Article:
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Can we make a sentence using a word that is a noun as well as a verb?

For example:

In that era guards used to guard.

Does this sentence sound okay with the word guard repeated like that?

  • You can freely use the same word twice in that manner. – userr2684291 May 7 '18 at 12:25
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You may technically have a sentence such as "In that era guards used to guard." where a word appears twice as different parts of speech. However in terms of good writing style, it's advisable not only to avoid reuse of the same word in a single sentence like this, but even further to avoid reuse within the entire paragraph or essay, to the extent that it can be helped. Always try to vary your words in interesting and expressive ways. "In that era guards would protect the fortress." "In that era guards would stand watch outside the palace gate."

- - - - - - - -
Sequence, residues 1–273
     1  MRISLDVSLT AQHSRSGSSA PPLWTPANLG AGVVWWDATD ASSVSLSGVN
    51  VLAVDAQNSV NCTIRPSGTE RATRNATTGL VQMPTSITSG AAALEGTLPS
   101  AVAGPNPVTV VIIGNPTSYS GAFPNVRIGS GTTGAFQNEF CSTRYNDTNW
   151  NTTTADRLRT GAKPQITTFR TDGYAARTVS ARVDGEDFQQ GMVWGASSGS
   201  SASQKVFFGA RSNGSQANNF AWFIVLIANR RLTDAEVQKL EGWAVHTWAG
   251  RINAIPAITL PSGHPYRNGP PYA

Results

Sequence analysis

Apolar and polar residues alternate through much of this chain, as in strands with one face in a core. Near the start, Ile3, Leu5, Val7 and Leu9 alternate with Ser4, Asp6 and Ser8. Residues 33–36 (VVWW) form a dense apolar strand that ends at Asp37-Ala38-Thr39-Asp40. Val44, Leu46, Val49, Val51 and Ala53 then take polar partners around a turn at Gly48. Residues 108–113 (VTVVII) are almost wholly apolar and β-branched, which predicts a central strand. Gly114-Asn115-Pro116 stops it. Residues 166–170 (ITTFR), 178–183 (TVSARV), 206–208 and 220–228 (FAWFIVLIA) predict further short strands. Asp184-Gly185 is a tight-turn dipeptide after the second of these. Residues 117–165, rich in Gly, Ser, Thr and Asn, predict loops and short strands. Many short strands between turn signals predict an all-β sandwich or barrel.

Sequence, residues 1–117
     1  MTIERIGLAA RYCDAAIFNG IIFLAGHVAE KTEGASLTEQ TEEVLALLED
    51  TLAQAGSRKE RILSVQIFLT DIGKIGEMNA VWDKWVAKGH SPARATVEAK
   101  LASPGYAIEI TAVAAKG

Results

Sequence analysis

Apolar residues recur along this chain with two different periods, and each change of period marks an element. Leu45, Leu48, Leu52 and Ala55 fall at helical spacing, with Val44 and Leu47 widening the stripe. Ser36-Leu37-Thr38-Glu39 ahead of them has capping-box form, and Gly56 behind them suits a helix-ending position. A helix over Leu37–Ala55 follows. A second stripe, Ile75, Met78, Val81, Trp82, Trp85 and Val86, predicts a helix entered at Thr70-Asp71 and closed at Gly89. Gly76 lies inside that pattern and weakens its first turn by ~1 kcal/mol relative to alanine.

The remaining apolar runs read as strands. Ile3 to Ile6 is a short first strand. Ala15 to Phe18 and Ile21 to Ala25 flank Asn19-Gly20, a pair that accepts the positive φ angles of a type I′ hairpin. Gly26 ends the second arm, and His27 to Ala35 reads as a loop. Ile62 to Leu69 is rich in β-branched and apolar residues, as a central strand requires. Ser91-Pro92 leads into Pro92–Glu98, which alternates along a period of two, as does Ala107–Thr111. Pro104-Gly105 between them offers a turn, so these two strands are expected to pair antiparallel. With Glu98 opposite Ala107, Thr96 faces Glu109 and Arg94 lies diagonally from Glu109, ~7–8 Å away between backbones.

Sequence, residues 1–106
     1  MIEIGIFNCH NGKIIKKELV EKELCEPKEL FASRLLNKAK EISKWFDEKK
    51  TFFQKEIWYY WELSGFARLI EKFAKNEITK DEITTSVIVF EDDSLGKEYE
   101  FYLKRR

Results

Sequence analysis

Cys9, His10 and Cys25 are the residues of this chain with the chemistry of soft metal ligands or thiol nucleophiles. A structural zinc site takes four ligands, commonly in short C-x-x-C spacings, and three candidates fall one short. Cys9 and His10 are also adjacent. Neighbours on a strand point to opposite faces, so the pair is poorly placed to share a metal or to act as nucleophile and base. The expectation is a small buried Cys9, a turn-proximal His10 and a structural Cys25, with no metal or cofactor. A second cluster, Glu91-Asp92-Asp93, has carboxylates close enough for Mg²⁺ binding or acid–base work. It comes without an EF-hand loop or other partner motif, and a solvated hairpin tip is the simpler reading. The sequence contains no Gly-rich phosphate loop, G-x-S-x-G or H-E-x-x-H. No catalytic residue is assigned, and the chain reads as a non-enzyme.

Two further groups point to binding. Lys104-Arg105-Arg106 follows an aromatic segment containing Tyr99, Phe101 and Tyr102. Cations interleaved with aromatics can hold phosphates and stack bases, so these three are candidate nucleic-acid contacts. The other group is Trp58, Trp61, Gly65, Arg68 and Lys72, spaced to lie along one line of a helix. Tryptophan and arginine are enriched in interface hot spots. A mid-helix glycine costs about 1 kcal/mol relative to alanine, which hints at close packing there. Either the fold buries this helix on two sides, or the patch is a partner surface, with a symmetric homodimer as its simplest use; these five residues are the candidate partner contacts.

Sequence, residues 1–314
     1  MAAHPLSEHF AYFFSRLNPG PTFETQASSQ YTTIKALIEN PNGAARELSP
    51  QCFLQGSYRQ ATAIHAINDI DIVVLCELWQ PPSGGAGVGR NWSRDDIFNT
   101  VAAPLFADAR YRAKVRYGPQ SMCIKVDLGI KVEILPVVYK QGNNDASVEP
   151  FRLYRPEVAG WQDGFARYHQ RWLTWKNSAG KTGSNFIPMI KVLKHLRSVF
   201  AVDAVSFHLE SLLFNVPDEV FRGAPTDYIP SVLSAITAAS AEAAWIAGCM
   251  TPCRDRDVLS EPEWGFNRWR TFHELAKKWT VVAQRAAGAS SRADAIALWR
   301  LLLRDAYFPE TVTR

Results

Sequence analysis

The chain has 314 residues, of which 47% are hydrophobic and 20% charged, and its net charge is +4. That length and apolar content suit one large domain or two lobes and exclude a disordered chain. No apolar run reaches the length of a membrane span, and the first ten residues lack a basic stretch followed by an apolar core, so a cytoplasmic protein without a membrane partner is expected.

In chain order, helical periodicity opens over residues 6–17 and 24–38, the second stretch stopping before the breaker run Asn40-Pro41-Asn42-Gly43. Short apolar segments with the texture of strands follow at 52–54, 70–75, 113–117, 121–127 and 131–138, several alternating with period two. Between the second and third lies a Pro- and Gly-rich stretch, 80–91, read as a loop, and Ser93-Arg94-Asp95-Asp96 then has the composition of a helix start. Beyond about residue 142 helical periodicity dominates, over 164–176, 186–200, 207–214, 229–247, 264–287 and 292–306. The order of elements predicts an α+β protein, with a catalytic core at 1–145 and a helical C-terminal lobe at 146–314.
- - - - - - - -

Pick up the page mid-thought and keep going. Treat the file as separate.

• As a general rule, I agree with what you're saying. However, there are times where such repetition can be effectively used for emphasis or humorous effect. For example: "In that era, guards used to guard – they didn't just sit around and watch TV screens." – J.R. May 7 '18 at 17:54
  • @J.R. Agreed. You are correct sir. – Sam May 7 '18 at 18:02
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    There's a whole class of cognate object constructions which are perfectly acceptable, many of them in formal English: "I slept the sleep of the saved and thankful." (Churchill) – snailcar May 7 '18 at 18:08

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